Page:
Anything above this they speak of in an uncertain way, as mano mano or tini tini, which may, perhaps, be paralleled by our English phrases “myriads upon myriads,” and “millions of millions.” It is most remarkable that the same quarter of the globe should present us with the stunted number sense of the Australians, and, side by side with it, so extended and intelligent an appreciation of numerical values as that possessed by many of the lesser tribes of Polynesia.
The Luli of Paraguay show a decided preference for the base 4. This preference gives way only when they reach the number 10, which is an ordinary digit numeral. All numbers above that point belong rather to decimal than to quaternary numeration. Their numerals are:
5. lokep moile alapea = 4 with 1,
or is-alapea = hand 1.
6. lokep moile tamop = 4 with 2.
7. lokep moile tamlip = 4 with 3.
8. lokep moile lokep = 4 with 4.
9. lokep moile lokep alapea = 4 with 4-1.
10. is yaoum = all the fingers of hand.
11. is yaoum moile alapea = all the fingers of hand with 1.
20. is elu yaoum = all the fingers of hand and foot.
30. is elu yaoum moile is-yaoum = all the fingers of hand and foot with
all the fingers of hand.
Still another instance of quaternary counting, this time carrying with it a suggestion of binary influence, is furnished by the Mocobi of the Parana region. Their scale is exceedingly rude, and they use the fingers and toes almost exclusively in counting; only using their spoken numerals when, for any reason, they wish to dispense with the aid of their hands and feet. Their first eight numerals are:
3. inabacao caini = 2 above.
4. inabacao cainiba = 2 above 2;
5. inibacao cainiba iniateda = 2 above 2-1;
or natolatata iniateda = 4-1.
6. natolatatata inibaca = 4-2.
7. natolata inibacao-caini = 4-2 above.
8. natolata-natolata = 4-4.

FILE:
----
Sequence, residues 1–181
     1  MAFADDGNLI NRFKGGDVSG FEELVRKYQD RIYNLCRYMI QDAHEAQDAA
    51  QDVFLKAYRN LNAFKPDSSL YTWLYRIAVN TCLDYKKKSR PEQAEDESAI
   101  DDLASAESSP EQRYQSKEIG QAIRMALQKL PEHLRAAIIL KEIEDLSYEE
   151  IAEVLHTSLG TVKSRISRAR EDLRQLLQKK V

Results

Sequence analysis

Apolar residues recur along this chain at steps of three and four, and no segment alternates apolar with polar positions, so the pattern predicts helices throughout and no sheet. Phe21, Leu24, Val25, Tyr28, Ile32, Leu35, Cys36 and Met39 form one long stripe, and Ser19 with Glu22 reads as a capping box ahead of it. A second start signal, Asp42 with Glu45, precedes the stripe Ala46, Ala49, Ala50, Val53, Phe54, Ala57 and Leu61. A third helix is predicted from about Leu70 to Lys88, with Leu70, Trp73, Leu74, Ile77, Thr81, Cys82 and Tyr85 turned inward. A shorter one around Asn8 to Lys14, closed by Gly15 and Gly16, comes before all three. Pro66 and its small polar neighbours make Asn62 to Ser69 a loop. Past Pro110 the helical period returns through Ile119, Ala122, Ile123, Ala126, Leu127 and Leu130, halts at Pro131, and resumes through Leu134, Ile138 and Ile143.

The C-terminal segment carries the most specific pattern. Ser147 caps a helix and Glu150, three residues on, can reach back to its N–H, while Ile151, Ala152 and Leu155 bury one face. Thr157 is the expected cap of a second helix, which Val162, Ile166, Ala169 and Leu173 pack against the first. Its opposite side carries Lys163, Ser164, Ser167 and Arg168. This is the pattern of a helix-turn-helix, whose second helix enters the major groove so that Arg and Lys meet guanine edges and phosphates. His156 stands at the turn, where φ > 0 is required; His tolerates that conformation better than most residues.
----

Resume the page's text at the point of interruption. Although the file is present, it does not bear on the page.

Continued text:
There is probably no recorded instance of a number system formed on 6, 7, 8, or 9 as a base. No natural reason exists for the choice of any of these numbers for such a purpose; and it is hardly conceivable that any race should proceed beyond the unintelligent binary or quaternary stage, and then begin the formation of a scale for counting with any other base than one of the three natural bases to which allusion has already been made. Now and then some anomalous fragment is found imbedded in an otherwise regular system, which carries us back to the time when the savage was groping his way onward in his attempt to give expression to some number greater than any he had ever used before; and now and then one of these fragments is such as to lead us to the border land of the might-have-been, and to cause us to speculate on the possibility of so great a numerical curiosity as a senary or a septenary scale. The Bretons call 18 triouec’h, 3-6, but otherwise their language contains no hint of counting by sixes; and we are left at perfect liberty to theorize at will on the existence of so unusual a number word. Pott remarks that the Bolans, of western Africa, appear to make some use of 6 as their number base, but their system, taken as a whole, is really a quinary-decimal. The language of the Sundas, or mountaineers of Java, contains traces of senary counting. The Akra words for 7 and 8, paggu and paniu, appear to mean 6-1 and 7-1, respectively; and the same is true of the corresponding Tambi words pagu and panjo. The Watji tribe call 6 andee, and 7 anderee, which probably means 6-1. These words are to be regarded as accidental variations on the ordinary laws of formation, and are no more significant of a desire to count by sixes than is the Wallachian term deu-maw, which expresses 18 as 2-9, indicates the existence of a scale of which 9 is the base. One remarkably interesting number system is that exhibited by the Mosquito tribe of Central America, who possess an extensive quinary-vigesimal scale containing one binary and three senary compounds. The first ten words of this singular scale, which has already been quoted, are: